Vintage Pulp May 23 2020
FU'S THE BOSS
He didn't become a doctor by quitting when things got tough.


Above is an eye catching Italian poster painted by Ezio Tarantelli for Ik. Dr Fu Manchu, aka The Face of Fu Manchu, part of a series of films based on Chinaphobic novels by Sax Rohmer. According to IMDB and other sources this film played in Italy as Fu Manciù A.S.3: Operazione Tigre, but this poster suggests otherwise, or at least suggests it played there under more than one title. There's no known release date, but it would have shown sometime in 1966.
 
We gave it a look, and plotwise the infamous crime boss Fu Manchu is executed via beheading in the first scene, much to the delight of various police authorities, but they later suspect that a double died—a man with Fu's face, hypnotized into marching to his own death. And of course, they're right. Fu can do most anything he sets his mind to, including setting other people's minds to doing things detrimental to their earthly existence.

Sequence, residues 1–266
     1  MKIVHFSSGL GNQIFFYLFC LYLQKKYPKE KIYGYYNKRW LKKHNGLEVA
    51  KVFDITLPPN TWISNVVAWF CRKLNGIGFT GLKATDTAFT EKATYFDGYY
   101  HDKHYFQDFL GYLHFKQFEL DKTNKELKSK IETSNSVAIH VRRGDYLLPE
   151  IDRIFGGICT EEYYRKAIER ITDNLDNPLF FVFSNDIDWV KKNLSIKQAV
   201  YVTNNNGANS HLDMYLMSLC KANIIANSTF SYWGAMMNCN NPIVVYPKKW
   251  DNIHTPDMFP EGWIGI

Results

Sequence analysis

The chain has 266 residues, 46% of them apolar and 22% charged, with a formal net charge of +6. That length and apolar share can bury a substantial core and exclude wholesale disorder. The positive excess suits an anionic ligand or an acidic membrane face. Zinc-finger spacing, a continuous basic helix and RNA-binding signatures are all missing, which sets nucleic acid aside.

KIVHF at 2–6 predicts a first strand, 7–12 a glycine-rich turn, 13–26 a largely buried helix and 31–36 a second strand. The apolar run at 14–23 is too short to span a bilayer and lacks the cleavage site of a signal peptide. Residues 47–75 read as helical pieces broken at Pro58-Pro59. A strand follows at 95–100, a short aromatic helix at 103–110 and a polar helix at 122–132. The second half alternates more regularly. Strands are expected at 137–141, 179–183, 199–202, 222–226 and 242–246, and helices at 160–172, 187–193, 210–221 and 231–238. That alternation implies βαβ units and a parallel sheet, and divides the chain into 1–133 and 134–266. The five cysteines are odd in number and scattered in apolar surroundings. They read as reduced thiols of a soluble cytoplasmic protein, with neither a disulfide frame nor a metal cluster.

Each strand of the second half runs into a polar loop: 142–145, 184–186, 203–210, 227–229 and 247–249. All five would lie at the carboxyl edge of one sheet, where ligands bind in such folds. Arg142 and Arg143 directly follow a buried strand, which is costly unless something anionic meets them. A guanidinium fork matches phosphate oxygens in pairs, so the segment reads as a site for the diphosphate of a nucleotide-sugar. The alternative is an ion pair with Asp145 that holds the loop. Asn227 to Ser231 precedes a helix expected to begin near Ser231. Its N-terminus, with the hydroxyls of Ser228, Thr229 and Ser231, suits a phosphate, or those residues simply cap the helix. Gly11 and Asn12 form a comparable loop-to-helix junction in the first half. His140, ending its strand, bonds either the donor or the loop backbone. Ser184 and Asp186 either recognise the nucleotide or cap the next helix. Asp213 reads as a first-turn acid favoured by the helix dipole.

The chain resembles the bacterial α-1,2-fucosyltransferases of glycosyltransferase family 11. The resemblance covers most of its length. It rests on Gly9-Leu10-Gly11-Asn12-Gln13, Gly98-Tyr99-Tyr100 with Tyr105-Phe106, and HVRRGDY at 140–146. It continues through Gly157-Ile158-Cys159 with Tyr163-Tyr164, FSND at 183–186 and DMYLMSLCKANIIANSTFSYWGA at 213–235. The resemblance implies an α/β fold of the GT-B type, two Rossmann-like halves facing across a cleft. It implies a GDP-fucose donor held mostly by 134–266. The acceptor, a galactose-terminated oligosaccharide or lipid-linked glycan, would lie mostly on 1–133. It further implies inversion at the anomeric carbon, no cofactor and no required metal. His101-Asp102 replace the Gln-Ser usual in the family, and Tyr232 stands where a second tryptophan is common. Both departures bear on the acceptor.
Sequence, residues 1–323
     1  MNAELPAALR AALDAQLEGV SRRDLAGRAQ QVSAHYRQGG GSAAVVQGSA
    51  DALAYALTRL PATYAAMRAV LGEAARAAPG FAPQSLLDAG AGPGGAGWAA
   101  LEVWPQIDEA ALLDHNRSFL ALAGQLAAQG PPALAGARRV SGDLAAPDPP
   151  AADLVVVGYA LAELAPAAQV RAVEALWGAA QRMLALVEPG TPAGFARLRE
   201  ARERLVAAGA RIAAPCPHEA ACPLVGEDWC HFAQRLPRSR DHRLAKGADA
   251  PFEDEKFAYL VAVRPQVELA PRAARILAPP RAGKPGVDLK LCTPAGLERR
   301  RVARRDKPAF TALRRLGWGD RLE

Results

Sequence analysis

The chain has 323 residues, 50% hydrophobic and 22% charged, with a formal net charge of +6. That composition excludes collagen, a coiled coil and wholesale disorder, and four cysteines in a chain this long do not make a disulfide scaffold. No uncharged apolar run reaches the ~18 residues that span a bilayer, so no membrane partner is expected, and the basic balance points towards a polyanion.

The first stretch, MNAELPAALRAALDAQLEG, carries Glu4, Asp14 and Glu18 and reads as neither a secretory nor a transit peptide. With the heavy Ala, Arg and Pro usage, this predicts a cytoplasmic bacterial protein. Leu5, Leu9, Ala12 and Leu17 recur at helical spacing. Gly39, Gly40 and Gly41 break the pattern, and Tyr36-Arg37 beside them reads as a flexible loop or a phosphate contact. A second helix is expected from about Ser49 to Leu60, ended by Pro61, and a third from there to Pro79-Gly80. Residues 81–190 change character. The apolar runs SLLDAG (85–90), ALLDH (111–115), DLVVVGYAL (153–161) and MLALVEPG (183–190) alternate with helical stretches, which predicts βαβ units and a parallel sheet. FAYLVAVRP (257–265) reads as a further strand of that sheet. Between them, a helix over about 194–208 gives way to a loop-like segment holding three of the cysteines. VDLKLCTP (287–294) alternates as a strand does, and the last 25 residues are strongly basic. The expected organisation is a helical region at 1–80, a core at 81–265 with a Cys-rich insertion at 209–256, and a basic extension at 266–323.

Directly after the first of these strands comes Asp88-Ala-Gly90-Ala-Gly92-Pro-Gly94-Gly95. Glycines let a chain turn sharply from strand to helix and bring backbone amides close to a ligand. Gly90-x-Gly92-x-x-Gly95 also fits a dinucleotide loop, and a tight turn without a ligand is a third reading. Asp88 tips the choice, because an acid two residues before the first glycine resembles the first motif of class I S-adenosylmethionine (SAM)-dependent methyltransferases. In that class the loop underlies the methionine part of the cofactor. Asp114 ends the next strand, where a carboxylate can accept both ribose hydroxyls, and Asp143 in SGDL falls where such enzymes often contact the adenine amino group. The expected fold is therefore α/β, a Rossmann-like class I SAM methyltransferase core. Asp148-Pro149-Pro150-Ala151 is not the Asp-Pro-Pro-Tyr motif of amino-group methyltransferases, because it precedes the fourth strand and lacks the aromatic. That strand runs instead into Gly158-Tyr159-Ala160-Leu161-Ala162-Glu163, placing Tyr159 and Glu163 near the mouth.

Christopher Lee, who specialized in movies of this ilk, occupies the starring slot, with his yellow make-up shading toward a grayish brown. Other cast members include Nigel Green, Karin Dor, Joachim Fuckburger—er, we mean Fuchsberger—and several more white folk pretending to be Asian. You'll have to ignore that and other racist aspects of the film. Or not, at your option. Setting that aside, is The Face of Fu Manchu any good? Umm... no, we wouldn't say so. But you might get a laugh or two from it.

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Vintage Pulp Aug 15 2018
HANGOVER CURE
There's only one sure way to get rid of a headache. Murder him.